by Elizabeth Lim
Publication: August 30, 2022
Series: Six Crimson Cranes #2
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From the New York Times Bestselling author of Six Crimson Cranes comes a thrilling new adventure! A journey to the kingdom of dragons, a star-crossed love, and a cursed pearl with the power to mend the world or break it… Fans of Shadow and Bone will devour this soaring fantasy.
Princess Shiori made a deathbed promise to return the dragon’s pearl to its rightful owner, but keeping that promise is more dangerous than she ever imagined.
She must journey to the kingdom of dragons, navigate political intrigue among humans and dragons alike, fend off thieves who covet the pearl for themselves and will go to any lengths to get it, all while cultivating the appearance of a perfect princess to dissuade those who would see her burned at the stake for the magic that runs in her blood.
The pearl itself is no ordinary cargo; it thrums with malevolent power, jumping to Shiori’s aid one minute, and betraying her the next—threatening to shatter her family and sever the thread of fate that binds her to her true love, Takkan. It will take every ounce of strength Shiori can muster to defend the life and the love she’s fought so hard to win.
ABOUT THE AUTHOR
Elizabeth Lim is the author of the critically-acclaimed and bestselling The Blood of Stars duology (Spin the Dawn and Unravel the Dusk), the New York Times bestseller So This is Love, and the USA Today bestseller Reflection. Forthcoming books include the Six Crimson Cranes duology, expected summer 2021 and summer 2022, respectively.
Elizabeth grew up on a hearty staple of fairy tales, myths, and songs. Her passion for storytelling began around age 10, when she started writing fanfics for Sailor Moon, Sweet Valley, and Star Wars, and posted them online to discover, “Wow, people actually read my stuff. And that’s kinda cool!” But after one of her teachers told her she had “too much voice” in her essays, Elizabeth took a break from creative writing to focus on not flunking English.
Over the years, Elizabeth became a film and video game composer, and even went so far as to get a doctorate in music composition. But she always missed writing, and she turned to penning stories when she needed a breather from grad school. One day, she decided to write and finish a novel—for kicks, at first, then things became serious—and she hasn’t looked back since.
Elizabeth graduated from Harvard College with an A.B. in music and a secondary in East Asian Studies, and she completed her graduate degrees (MM, DMA) at The Juilliard School. She grew up in Northern California and Tokyo, Japan, and now resides in New York with her husband and two daughters.
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The Dragon’s Promise picks up immediately after Six Crimson Cranes. Shiori is set on keeping her promise to return the dragon’s pearl to its owner. As she tries to fulfill the promise, she is faced with new and old opponents as her journey takes her to the realm of the dragons and places beyond it.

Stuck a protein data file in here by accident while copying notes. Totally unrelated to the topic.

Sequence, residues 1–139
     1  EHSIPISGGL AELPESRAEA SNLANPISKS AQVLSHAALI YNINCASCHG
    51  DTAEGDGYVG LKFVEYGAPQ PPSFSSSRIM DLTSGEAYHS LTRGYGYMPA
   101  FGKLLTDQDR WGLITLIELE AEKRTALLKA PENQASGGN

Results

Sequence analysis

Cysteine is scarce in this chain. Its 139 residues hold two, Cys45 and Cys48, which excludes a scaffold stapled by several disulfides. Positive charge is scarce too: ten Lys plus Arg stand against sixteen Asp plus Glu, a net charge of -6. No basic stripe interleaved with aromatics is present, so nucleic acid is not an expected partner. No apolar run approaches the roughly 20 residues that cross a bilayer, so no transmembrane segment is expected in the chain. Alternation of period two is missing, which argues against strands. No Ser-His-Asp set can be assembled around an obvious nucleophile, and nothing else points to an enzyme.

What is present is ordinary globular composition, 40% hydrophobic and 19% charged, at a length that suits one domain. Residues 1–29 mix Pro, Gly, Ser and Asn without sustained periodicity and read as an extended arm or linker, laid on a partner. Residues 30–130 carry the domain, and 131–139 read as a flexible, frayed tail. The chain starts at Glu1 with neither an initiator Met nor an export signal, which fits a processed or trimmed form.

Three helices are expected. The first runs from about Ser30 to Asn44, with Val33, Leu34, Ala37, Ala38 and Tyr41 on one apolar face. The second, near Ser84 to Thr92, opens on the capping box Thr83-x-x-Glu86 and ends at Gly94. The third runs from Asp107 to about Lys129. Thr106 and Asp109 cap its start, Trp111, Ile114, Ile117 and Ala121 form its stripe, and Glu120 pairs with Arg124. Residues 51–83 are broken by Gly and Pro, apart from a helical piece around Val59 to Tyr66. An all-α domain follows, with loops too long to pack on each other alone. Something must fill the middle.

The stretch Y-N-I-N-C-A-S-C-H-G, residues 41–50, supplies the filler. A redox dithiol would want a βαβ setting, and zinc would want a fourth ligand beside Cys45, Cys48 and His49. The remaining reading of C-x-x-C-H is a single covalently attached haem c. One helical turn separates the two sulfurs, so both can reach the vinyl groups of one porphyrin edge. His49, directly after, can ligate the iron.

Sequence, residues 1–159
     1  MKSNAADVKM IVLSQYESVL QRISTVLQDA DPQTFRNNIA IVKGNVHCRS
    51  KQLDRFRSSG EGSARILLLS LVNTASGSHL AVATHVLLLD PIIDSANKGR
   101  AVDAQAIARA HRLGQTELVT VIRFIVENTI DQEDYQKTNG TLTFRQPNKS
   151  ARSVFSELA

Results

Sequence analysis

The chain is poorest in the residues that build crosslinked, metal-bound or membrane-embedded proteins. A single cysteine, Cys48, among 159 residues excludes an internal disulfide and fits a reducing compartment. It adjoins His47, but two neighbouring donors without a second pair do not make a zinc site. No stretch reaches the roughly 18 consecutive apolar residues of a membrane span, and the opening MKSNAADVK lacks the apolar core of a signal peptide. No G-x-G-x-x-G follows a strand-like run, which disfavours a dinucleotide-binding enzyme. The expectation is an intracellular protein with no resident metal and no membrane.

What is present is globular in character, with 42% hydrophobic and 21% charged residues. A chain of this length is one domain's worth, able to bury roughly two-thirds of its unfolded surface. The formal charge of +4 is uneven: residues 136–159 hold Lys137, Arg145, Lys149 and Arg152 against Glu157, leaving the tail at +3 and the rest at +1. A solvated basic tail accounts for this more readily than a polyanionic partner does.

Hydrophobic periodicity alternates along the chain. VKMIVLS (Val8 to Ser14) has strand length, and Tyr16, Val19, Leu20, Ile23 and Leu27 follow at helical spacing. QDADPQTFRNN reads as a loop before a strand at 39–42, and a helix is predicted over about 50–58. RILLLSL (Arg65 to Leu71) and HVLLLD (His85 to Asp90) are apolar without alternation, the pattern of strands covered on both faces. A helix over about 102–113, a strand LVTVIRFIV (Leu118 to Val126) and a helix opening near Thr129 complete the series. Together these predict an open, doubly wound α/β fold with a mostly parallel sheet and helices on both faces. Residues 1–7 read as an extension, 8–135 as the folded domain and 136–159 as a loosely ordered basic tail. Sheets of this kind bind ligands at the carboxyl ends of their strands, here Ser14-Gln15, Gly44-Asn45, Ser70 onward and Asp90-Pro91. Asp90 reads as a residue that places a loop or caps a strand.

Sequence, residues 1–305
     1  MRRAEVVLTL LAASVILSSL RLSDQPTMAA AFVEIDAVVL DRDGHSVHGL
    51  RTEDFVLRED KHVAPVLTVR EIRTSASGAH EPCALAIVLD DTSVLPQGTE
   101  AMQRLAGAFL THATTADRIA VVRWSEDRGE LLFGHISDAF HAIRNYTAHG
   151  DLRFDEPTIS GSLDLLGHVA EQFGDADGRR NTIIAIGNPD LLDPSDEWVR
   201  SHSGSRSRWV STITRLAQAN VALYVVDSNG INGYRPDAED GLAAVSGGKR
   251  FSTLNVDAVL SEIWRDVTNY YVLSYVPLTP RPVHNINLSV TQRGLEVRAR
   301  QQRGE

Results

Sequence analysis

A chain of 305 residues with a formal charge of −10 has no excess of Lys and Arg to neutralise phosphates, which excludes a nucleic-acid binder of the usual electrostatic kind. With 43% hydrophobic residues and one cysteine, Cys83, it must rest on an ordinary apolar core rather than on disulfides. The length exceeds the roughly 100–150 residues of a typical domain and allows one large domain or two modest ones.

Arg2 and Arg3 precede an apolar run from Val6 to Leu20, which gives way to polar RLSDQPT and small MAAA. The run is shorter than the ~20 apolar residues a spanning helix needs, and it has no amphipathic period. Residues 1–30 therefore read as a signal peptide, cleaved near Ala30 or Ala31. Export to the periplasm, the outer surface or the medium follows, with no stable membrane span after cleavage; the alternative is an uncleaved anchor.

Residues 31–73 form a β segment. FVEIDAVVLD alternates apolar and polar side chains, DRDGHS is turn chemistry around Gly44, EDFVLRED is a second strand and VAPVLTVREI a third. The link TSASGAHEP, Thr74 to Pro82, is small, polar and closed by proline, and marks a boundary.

The world-building remains one of my favorite aspects of the duology. While much of the story takes place in Kiata and within the palace walls, it expands with the new places Shiori visits. If I could, I would have liked to stay in some of them just a bit longer. The writing also remains captivating, but the focus on tying up loose ends distracted me from enjoying it.
The book encompassed the falling action of a story with the climax having occurred in the first book. The book had three distinct parts I jumped in and out of as opposed to feeling like a single story. After the first third, the plot languished for a while, and I struggled to keep pressing forward. When it picked up in the last third, it wasn’t nearly long enough. I wish the focus had been on this last part.
Shiori’s growth occurs in the first book, and as such, there doesn’t seem to be much character development here. Her actions are inspired by some of this growth as she tries to keep Kiata and the people she loves safe. I write some because, at other times, the Shiori from the beginning of the book would appear. This meant some of her decisions, especially those in the dragon realm, frustrated me.
While The Dragon’s Promise is filled with magic and adventure, it doesn’t exude the same fairytale-like quality of its predecessor. The world-building and beautiful descriptions are the novel’s strengths but are overshadowed by the plot and inconsistent pacing. I would still recommend it, especially for fans of the first book and those who enjoy adventures.
**Thank you to TBR and Beyond tours for allowing me to be part of the tour. Remember to check out the schedule and visit more posts. Also, thank you to the publisher and author for providing an eARC.**
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